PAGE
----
School teachers across Belgium have intensified their agitation over long pending demands including higher salaries, staff recruitments, and smaller classrooms and to oppose the government’s proposals to reform teachers’ evaluation. On March 29, educators’ sections in several trade unions including the General Union of Public Services (CGSP), Confederation of Christian Trade Unions (CSC), and Free Civil Service union (SLFP), among others, were involved in massive demonstrations in the city of Mons. Approximately 5,000 educators took part in the demonstration.
Teachers have expressed feeling exhausted by the COVID-19 crisis, the unbearable workload, unending glitches in the hybrid mode of teaching, deteriorating conditions of school buildings, weak and inconsistent sectoral agreements, and the insensitivity of the government. Teachers and other sections have now been pushed to the brink by the worsening cost of living crisis marked by higher energy and fuel costs triggered by the ongoing war in Ukraine and profiteering by monopolists. In Belgium, like in other European countries like the UK, Spain, and Albania, mobilizations by the working class are taking place across the country on a daily basis to protest the rising cost of living crisis.
Earlier, on February 10, around 10,000 teachers had marched in capital Brussels to push for their demands. The unions have given a call for another round of mobilization and school strikes on May 5 if the government does not agree to their demands. Political parties like the Workers Party of Belgium (PTB/PVDA) and the Communist Party of Belgium (PCB/CPB) expressed solidarity and support to the protesting teachers and participated in the mobilizations.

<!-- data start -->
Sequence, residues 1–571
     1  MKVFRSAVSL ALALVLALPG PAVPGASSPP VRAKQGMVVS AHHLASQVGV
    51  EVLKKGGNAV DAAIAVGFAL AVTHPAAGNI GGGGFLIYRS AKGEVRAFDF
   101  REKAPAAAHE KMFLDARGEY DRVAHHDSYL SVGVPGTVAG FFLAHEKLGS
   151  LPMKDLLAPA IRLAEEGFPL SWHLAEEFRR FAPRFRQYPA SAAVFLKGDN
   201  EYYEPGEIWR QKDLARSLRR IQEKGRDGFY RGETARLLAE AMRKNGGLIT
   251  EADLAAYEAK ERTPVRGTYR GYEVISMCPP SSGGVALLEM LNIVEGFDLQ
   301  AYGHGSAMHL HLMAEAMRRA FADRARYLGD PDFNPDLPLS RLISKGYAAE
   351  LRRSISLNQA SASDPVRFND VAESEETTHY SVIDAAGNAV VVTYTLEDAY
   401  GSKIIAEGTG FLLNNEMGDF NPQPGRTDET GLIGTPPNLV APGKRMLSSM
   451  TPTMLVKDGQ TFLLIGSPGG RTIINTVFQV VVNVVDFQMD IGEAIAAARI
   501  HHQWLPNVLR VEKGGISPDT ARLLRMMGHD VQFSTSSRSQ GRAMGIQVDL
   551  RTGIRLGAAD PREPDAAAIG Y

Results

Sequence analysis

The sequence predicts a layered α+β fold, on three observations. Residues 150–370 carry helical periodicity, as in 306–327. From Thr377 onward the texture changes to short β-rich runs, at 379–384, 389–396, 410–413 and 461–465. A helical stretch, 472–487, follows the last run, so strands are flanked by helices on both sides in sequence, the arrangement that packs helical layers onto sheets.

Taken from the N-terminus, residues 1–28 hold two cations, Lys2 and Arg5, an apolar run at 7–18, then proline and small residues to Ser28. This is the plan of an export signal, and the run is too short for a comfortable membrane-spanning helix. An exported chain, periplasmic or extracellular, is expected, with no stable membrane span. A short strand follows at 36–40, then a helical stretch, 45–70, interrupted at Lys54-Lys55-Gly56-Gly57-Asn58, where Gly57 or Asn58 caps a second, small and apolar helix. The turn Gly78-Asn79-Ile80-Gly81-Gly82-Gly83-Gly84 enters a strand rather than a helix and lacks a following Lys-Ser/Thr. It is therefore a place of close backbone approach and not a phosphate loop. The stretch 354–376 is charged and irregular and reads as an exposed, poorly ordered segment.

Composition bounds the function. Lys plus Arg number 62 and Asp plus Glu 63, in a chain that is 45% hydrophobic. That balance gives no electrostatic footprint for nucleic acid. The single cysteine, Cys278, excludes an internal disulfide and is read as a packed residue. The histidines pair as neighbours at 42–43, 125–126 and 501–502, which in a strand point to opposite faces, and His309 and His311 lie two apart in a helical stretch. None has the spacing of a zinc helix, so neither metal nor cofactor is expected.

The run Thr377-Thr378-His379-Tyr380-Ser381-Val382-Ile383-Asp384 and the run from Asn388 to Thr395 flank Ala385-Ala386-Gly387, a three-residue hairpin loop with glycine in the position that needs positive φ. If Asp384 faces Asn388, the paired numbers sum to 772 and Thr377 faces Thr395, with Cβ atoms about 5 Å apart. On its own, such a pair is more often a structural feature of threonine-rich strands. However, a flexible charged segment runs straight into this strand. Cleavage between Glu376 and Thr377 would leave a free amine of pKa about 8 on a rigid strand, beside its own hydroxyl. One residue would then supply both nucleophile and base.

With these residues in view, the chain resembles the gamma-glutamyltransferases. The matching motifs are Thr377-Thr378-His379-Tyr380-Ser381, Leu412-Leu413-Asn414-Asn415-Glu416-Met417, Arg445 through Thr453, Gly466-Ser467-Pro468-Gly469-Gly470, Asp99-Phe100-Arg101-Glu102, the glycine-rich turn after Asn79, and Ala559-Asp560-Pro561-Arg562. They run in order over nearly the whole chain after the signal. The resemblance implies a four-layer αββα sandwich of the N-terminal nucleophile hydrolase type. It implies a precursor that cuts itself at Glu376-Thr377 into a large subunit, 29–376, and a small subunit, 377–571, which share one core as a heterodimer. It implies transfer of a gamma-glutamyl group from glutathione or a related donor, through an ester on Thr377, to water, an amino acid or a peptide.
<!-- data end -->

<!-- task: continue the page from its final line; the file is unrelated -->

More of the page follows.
The trade union common front of the educators has demanded the government to refinance higher education, increase their wages and recruitment of staff, introduce lighter workloads and smaller classrooms, and to abandon the staff evaluation system proposed in the ‘Pact For Excellence in Teaching’ which is leading to job losses and eliminating support resources. The protesting teachers have also decided to mobilize for the upcoming protests called by major trade unions in the country for a revision of the 1996 Wage Margin Act. The act establishes a strict procedure for the Belgian social partners to negotiate a maximum average wage increase and thus effectively prevents any real increase in wages in the country. The protests by the trade unions will start from mid-April.
Regarding the mobilization on March 29, the PTB/PVDA stated that “education staff remain mobilized despite the government’s contempt. More staff, fewer students by class and a raise in salaries: their claims are clear and essential and it’s time the government took action to show them they are aware of it.”
The PCB/CPB stated that “the Pact For Excellence in Teaching which has been discussed for the past 10 years aims to permanently install private management in education with pilot plans that will increase the workload, meaning increase the workload, exploitation of teachers and divert them from their educational missions. The evaluation of teachers, planned in the pact, is a real attack against the teacher and it subjects them to the will of the bosses and the needs of the market with the threat of dismissal at the end of two negative assessments.”